Some hotels fail to recognize this and their site consequently jars by appearing as though it’s completely unrelated.Use the same colours and logos throughout and consider if your colour scheme matches your product offering. For example, business like greys and reds might not look great if your hotel is a beach side spa aimed purely at tourists. Also, don’t neglect the really simple design factors, such as whether people can easily read your content. Many sites from even the world’s prestige brands unwittingly annoy their customers by putting coloured text on black backgrounds, so don’t join their ranks: either use white on black or black on white.One final note in this section is on photos: take your own wherever possible for a personalised approach, as stock pictures can make your site look generic. And whatever you do, check that they fit on your page and load properly, as ‘failed to upload’ messages look really unprofessional. Irritating extrasIt’s tempting when designing a website to use all your skills and show off by putting all the bells and whistles on those all-important pages, but there comes a time when less is more.Don’t fall into the trap of putting auto-play videos or music on a hotel site, even if it’s a TV ad you’re proud of or the same relaxing music that plays in your spa. It’s plain irritating for visitors, especially since many people now browse travel sites on the go or in their offices during lunch breaks.
Similarly annoying are icons that follow the mouse pointer around and restaurant menus that will only open as PDFs – people don’t want to have to download things onto their phones permanently just to get a look at what they might be having for breakfast.Links that lead outAs hotel marketers, we’re often told of the importance of including links to social portals such as Twitter, blogs and Pinterest on our websites. This is correct, as travellers are increasingly expecting hotels to have a presence on such sites from an engagement perspective.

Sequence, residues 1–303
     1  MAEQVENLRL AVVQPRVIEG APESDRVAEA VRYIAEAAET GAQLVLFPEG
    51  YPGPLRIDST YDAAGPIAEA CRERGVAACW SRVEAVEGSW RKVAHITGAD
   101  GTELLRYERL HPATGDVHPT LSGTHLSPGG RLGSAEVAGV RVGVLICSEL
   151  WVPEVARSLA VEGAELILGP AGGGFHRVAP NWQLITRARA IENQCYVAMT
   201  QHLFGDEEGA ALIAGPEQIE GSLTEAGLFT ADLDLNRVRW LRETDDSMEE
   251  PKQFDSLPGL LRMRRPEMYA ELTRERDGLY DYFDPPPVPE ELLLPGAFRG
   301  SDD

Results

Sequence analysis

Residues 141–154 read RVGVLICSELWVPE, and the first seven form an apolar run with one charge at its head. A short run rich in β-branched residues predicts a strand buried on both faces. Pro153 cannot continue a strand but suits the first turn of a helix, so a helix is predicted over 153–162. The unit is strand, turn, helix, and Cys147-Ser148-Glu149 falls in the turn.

However, the big mistake that some properties make is offering buttons that lead directly out and away from the original site. If a user clicks a link and ends up on Facebook, the chances are that they might start browsing their news feed or clicking related links and completely forget where they came from originally – and bang goes that booking.Avoid this by making sure any links you embed only lead further in to your website, or open in another window. Similarly, if you use any YouTube videos, ensure the autoplay option is disabled or you could find that the next clip lures visitors far away – or worse, to a competitor. Terrible payment facilities Finally, a big mistake hotel marketers make is failing to ensure their checkout pages are easy to use and professional-looking. It’s silly to have a great site and then fall at the final hurdle and make would-be customers abandon their booking.Instead, make the payment process intuitive, speedy and secure and you should find that browsing is converting into booking.See if you can review your site and make sure you’re not committing these same errors.